The last voices of The Holocaust

Today is the seventieth anniversary of the liberation of Auschwitz.

The Washington Post has produced this clip.

There are fewer and fewer of those who still remember.

The Soviet army entered Auschwitz — the network of extermination camps operated by Nazi Germany in occupied Poland — on Jan. 27, 1945, liberating the most notorious site of the Holocaust. In the decades since, groups of survivors have gathered to honor that day — including an annual remembrance at Auschwitz itself. This year, they mark the 70th anniversary of liberation on Tuesday — a day that, for a significant portion of remaining survivors, may be the last major remembrance of their lifetimes. The numbers themselves tell the story.

A decade ago, 1,500 survivors traveled to Auschwitz in southern Poland to mark the 60th anniversary. This year, organizers are expecting 300 or so. “This is the last big one for many of the survivors,” said Ronald Lauder, billionaire philanthropist and president of the World Jewish Congress, which is financing the travel expenses for more than 100 survivors. “By the time we reach the 75th anniversary, there may be almost no survivors left. But they are coming now, because they want to bear witness, to stand there and say, “we outlasted Hitler. We made it.’”

The survivors partly carry a legacy of horror, memories of the brutality of a labor prison that, by September of 1941, became an assembly line of death where more than 1 million would perish at the hands of the Third Reich. The vast majority of the victims were the Jews of Europe, subjected to Adolf Hitler’s “Final Solution.” But others also deemed outside the racial and ideological lines of the Nazis also died. Ethnic Roma. Homosexuals. Jehovah’s Witnesses. Polish prisoners of war.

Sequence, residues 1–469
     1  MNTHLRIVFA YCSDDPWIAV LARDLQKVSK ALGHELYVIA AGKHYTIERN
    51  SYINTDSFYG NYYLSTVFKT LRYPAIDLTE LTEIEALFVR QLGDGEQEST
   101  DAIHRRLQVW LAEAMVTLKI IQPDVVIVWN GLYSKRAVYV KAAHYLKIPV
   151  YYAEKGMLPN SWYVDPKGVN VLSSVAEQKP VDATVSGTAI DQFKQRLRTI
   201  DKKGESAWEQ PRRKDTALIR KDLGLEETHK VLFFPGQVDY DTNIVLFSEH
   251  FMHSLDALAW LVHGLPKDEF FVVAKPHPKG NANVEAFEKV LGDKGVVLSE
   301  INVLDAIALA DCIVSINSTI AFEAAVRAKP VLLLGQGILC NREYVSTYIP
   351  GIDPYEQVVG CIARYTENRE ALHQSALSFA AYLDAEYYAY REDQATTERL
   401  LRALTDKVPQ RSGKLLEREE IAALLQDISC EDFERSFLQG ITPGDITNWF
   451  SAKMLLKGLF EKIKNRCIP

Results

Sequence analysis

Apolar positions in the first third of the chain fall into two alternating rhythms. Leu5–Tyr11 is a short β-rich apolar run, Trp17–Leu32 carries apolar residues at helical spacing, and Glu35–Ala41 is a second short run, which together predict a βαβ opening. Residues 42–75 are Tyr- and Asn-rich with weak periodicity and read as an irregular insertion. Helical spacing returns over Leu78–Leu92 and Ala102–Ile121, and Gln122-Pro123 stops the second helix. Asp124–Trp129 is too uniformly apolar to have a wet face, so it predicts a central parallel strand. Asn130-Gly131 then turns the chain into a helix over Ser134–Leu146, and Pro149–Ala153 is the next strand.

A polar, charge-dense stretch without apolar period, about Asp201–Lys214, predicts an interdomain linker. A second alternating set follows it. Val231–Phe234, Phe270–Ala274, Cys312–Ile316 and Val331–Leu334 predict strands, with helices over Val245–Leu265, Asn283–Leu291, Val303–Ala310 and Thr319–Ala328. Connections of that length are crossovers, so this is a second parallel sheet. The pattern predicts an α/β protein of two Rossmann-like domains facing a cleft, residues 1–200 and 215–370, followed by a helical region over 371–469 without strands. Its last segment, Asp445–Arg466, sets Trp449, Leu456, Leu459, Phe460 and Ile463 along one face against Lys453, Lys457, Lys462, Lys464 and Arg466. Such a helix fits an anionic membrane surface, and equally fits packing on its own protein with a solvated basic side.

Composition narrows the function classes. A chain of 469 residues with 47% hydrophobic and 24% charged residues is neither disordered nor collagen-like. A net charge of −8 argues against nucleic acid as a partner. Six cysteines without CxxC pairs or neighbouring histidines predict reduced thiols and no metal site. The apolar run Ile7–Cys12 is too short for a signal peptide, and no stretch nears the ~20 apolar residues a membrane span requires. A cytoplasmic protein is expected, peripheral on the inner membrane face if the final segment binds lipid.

The survivors carry another legacy as well, one even more relevant: The power of human will to persevere. What follows are the tales of four survivors of Auschwitz, since resettled in the United States, Israel, France and southern Germany. Their recollections come amid what for some is a new period of uncertainty. In France — home of 89-year-old survivor Raphael Esrail — the anniversary comes less than three weeks after a terrorist assault on a kosher grocery store in Paris in which four people lost their lives.

We must never forget what was done, we must oppose anti-semitism and we must always remember the legacy of those murdered and those who have survived.

What is unbelievable is that there are people who continue to deny these atrocities ever happened.

 

– Washington Post


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As much at home writing editorials as being the subject of them, Cam has won awards, including the Canon Media Award for his work on the Len Brown/Bevan Chuang story. When he’s not creating the news, he tends to be in it, with protagonists using the courts, media and social media to deliver financial as well as death threats.

They say that news is something that someone, somewhere, wants kept quiet. Cam Slater doesn’t do quiet and, as a result, he is a polarising, controversial but highly effective journalist who takes no prisoners.

He is fearless in his pursuit of a story.

Love him or loathe him, you can’t ignore him.

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